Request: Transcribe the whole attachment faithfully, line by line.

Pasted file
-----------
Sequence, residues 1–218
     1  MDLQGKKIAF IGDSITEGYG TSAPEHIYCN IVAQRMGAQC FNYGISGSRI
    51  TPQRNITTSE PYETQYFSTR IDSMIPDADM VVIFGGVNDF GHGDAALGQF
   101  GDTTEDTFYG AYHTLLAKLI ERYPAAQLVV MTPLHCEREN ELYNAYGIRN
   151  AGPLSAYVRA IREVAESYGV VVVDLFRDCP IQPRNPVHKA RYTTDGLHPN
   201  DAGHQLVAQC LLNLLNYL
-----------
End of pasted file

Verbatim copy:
Sequence, residues 1–218
     1  MDLQGKKIAF IGDSITEGYG TSAPEHIYCN IVAQRMGAQC FNYGISGSRI
    51  TPQRNITTSE PYETQYFSTR IDSMIPDADM VVIFGGVNDF GHGDAALGQF
   101  GDTTEDTFYG AYHTLLAKLI ERYPAAQLVV MTPLHCEREN ELYNAYGIRN
   151  AGPLSAYVRA IREVAESYGV VVVDLFRDCP IQPRNPVHKA RYTTDGLHPN
   201  DAGHQLVAQC LLNLLNYL